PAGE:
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Calf grazing deaths rise in drought years

Jeff Caldwell 06/26/2012 @ 1:53pm Multimedia Editor for Agriculture.com and Successful Farming magazine.

The summer heat's not just sinking crop yield potential. It's also endangering the lives of grazing cattle and calves on the most drought-stricken ranches around the nation.

Veterinarians are reporting an increase in the number of calf deaths from grazing on toxic weed species so far this summer, a telltale sign that the drought is knocking down some of the grasses on which many ranchers rely to keep their herds thriving, according to a report from Kansas State University Research & Extension. The most common ailment is in liver toxicity that's common when calves graze on weeds and other plants that aren't around in a year with normal precipitation.

"We knew this area had been through 2 to 3 years of drought,” says Gregg Hanzlicek, a K-State veterinarian who recently conducted post-mortem exams on deceased calves from ranches in droughted areas. “We found a well-managed herd, with the calves getting plenty of milk. But we did notice very little grass for the animals to graze on.”

Ultimately, it was found that the calves had been grazing on "multiple weeds.

“The weeds were all nontoxic, except for one, a Senecio species that causes acute to chronic liver toxicity, which was identified by toxicologist, Dr. Deon van der Merwe,” Hanzlicek says. "Pathology reports showed that the calves died from liver toxicity."

If you're in an area where it's likely that these types of issues could arise in your herd, take quick action. Hanzlicek advises moving cattle off pastures showing the most severe damage from dryness and do what you can to add to the feed value the cattle are getting from the grass they can graze.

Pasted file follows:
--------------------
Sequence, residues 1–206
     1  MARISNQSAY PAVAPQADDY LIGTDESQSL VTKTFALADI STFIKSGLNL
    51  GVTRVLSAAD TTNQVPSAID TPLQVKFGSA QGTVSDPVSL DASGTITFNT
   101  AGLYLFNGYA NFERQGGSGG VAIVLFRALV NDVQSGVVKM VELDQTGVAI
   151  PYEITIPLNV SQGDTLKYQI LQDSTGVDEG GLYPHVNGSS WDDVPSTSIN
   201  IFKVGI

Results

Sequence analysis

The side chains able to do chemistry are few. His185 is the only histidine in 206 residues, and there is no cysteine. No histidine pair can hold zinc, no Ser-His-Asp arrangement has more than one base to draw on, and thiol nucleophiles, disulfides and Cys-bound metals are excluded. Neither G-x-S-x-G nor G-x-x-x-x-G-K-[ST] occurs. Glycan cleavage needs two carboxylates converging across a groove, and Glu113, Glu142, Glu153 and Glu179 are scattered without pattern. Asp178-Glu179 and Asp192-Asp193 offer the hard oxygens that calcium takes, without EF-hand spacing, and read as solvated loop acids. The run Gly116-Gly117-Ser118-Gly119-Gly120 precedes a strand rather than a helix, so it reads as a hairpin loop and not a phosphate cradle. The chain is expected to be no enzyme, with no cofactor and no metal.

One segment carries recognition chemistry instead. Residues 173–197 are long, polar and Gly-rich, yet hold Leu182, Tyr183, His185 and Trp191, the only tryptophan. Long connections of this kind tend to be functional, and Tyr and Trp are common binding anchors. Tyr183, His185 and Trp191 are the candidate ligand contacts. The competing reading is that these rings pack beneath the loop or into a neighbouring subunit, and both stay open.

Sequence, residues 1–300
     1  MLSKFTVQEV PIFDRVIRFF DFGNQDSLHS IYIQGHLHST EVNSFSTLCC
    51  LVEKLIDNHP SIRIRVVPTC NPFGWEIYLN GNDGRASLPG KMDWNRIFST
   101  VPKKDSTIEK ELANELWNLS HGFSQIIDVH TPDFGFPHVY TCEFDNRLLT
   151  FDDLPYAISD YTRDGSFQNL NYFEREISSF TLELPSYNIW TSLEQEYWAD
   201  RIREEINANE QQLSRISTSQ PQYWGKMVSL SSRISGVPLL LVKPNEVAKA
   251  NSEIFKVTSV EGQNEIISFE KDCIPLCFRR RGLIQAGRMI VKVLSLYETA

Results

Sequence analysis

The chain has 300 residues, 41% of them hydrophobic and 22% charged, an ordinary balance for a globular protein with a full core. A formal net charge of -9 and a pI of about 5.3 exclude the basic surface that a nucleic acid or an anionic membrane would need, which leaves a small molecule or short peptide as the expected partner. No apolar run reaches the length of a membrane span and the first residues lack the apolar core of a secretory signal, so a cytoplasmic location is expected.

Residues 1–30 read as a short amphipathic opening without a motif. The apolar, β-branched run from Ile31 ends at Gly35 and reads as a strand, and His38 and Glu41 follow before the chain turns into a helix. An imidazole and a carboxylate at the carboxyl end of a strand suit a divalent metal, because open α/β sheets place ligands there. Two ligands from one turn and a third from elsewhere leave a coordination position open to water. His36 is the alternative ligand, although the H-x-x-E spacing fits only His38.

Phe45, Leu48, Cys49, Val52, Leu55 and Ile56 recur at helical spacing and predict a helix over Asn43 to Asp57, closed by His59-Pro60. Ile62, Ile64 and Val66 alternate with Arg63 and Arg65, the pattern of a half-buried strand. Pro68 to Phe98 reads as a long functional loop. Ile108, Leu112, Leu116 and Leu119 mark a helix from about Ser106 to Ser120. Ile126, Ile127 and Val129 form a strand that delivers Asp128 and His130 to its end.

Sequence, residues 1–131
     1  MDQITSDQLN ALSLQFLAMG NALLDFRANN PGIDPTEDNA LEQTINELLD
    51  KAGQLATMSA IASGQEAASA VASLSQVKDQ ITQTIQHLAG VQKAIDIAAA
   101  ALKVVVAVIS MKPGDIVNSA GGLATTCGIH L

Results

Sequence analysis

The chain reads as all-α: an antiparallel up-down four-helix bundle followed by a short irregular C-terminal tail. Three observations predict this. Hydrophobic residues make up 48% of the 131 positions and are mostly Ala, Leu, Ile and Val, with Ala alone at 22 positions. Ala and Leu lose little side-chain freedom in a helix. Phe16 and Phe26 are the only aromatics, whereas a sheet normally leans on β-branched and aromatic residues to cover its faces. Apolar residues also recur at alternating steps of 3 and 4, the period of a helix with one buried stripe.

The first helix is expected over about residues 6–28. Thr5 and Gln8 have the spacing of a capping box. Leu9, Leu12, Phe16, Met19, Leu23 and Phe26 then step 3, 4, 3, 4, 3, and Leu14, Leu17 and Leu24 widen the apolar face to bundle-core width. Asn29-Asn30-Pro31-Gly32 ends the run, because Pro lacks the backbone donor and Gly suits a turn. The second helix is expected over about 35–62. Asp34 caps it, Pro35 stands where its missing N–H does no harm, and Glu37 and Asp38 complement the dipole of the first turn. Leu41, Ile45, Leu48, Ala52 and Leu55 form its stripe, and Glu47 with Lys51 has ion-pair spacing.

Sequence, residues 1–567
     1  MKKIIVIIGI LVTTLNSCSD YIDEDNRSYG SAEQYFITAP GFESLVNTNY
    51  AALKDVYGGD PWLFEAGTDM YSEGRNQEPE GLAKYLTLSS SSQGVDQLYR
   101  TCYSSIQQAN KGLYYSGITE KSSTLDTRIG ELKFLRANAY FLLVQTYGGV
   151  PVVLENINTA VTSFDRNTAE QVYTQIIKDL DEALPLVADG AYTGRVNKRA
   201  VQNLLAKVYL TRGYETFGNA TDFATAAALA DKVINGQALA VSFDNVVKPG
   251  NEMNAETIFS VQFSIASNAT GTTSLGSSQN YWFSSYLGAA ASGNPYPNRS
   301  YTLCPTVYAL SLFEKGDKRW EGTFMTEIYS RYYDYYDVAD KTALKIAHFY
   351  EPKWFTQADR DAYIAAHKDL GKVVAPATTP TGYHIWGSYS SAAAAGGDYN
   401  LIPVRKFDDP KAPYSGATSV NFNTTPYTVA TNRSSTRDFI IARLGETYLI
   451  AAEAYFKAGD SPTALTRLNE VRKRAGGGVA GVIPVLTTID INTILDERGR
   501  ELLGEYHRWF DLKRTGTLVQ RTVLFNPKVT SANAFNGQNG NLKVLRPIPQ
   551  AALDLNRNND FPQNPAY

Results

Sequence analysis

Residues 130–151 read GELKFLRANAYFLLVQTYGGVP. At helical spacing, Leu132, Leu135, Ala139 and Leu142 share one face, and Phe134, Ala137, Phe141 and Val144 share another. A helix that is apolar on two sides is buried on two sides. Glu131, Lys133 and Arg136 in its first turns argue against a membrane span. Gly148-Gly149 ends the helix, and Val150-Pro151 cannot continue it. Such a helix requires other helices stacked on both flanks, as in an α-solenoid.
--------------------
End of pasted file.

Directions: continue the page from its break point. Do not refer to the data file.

"In a drought situation, producers usually don’t have this alternative. Supplement some type of feed every other day or so, enough to keep them full so they don’t eat other plants they don’t normally consume,” he says.

And, if you are in a situation where you suspect this issue to be damaging your herd, don't hesitate to contact your veterinarian immediately, Hanzlicek adds.

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Toxic debris 11/21/2012 @ 9:38pm I read this morning in The Progressive Farmer (e.g., "AgriBiz Farmer," imo) about calves dying in obvious encephalic distress, and the problem was finally traced to lead poisoning from some discarded car batteries that had been leaking into the soil near the fence-line. I personally don't know any people who discard *anything* into their pastures, especially car batteries. Maybe the lesson is 'know your neighbors.' I think there's a claim of property damage: if a neighbor's negligence causes damage to or loss of personal property, a remedy for that loss is due the owner---same as if my dog wandered into my neighbor's chicken coop and chowed-down.

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agroeducation.com 07/06/2012 @ 11:08pm Good presentation by grassing to cow.More grassing animal must supply more output like milk and meat.

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agroeducation.com 07/06/2012 @ 11:08pm Good presentation by grassing to cow.More grassing animal must supply more output like milk and meat.

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